Mute has announced the release of José González’s new record, Vestiges & Claws. The album, his first in seven years, is out on February 17, 2015 and was produced by González in his home kitchen as well as Svenska Grammofonstudion, both in Gothenburg, Sweden.
“It was no doubt a conscious decision to work without a producer,” said González. “I didn’t want this to be too polished, or too ‘in your face.’ Most of all, it’s fun to be in complete control of the artistic aspect. Also, I was inspired by and picked up a lot of tricks from the producers I have worked with in the past. I like to use distortion and let things be a little overdriven, which gives things a warmer sound. Sometimes people complain that my music is too muddled, but I really do not want a modern crisp sound. I’d much rather aim somewhere between Shuggie Otis and Simon & Garfunkel.”
The result is an album that is less purist, less strict. One can find traces of inspired protest songs and eccentric folk rock on Vestiges & Claws: staccato grooves and rhythms, frustration and optimism. It’s a collection that is simultaneously confident, free and uncertain.
González said, “I started out thinking that I wanted to continue in the same minimalistic style as on my two previous records, but once I started the actual recordings I soon realized that most of the songs turned out better with added guitars and a more beat-like percussion, and with more backing vocals.”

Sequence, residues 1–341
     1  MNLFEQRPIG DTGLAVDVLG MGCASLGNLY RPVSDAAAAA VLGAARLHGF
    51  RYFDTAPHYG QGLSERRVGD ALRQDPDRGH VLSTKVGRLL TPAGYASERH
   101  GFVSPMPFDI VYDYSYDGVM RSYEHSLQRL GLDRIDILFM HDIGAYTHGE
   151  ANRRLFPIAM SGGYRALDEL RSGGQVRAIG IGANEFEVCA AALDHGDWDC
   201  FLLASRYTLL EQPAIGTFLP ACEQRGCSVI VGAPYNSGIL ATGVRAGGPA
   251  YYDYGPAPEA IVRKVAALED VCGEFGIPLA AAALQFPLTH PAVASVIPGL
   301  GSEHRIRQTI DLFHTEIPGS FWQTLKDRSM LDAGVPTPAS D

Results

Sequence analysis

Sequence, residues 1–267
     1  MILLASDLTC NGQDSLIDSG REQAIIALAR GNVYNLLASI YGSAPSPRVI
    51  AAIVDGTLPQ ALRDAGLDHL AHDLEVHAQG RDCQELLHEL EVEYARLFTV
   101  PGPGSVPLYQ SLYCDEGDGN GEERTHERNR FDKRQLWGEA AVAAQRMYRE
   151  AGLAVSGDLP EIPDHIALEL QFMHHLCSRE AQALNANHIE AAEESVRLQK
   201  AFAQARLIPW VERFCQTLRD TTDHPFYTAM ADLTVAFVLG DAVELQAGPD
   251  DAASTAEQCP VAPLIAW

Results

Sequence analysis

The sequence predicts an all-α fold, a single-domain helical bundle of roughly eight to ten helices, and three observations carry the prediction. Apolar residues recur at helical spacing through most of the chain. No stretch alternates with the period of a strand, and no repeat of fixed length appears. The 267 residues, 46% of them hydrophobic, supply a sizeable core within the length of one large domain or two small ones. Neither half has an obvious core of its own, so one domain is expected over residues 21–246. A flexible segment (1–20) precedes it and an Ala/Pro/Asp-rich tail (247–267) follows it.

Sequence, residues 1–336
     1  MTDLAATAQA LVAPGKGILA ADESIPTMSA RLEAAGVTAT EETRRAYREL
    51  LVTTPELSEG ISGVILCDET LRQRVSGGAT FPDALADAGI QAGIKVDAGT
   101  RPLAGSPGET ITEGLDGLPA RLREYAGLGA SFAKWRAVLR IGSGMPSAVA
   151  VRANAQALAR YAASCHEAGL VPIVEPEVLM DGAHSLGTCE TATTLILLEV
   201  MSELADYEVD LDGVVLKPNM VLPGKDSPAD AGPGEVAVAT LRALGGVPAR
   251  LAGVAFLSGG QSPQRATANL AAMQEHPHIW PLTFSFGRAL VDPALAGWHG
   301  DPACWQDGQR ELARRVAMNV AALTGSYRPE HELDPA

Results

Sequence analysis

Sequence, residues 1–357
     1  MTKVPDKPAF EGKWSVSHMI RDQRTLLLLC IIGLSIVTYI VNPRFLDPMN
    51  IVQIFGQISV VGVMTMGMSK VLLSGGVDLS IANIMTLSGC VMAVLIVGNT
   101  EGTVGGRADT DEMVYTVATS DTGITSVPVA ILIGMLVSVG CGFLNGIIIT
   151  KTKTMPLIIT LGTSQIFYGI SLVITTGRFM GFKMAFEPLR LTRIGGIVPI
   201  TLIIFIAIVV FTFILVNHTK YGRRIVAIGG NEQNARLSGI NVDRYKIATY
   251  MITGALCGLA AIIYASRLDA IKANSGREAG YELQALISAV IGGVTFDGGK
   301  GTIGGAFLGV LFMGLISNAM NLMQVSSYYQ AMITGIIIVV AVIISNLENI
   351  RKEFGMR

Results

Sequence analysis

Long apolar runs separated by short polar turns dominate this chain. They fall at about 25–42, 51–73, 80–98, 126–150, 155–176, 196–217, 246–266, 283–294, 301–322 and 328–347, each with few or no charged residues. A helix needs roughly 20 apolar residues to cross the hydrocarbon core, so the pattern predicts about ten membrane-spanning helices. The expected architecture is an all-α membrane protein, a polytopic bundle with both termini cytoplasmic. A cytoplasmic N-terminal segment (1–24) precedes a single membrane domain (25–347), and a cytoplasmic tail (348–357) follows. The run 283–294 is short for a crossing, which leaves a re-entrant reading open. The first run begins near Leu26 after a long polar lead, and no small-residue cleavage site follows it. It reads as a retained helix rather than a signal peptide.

González has been far from idle in the seven years since the release of his last solo record, In Our Nature. Besides making two Junip albums and touring the world both solo and with the band, González has been active in the studio in various contexts. One project in 2013 was José’s input to the The Secret Life Of Walter Mitty soundtrack, directed by and starring Ben Stiller. Besides previously released José and Junip songs, the film also contains exclusively written material as well as an interpretation of John Lennon’s “#9 Dream.” Earlier this autumn, the AIDS awareness group, Red Hot Organization, released the compilation Master Mix: Red Hot + Arthur Russell, where González and guests play a very groovy, sax-laden version of Russell’s “This Is How We Walk On The Moon.”
“I think that might be where there is some sort of common thread on this new record: The zoomed out eye on humanity on a small pale blue dot in a cold, sparse and unfriendly space. The amazing fact that we at all are here, an attempt at encouraging to understand ourselves and to make the best of the only life we have – after birth and before death. And also, I’ve been okay with using rhymes this time,” González said with a smile. He added, “In general I think that the lyrics are clearer this time. And a little less self-pitying.”
Where Veneer and In Our Nature, might have sounded sparse and barren in parts, Vestiges & Claws has an altogether new feeling to it, at once warmer and darker than before. He talks about how he’s found inspiration in sprawling 70’s Brazilian productions, American folk rock and West African desert blues this time. And how he’s decided to waive the principle of having everything on the album reproducible in a live context.
González summed it up, “I’ve focused more on the role of being a producer this time around. I’ve spent more time thinking of what’s best for the song and the recording.”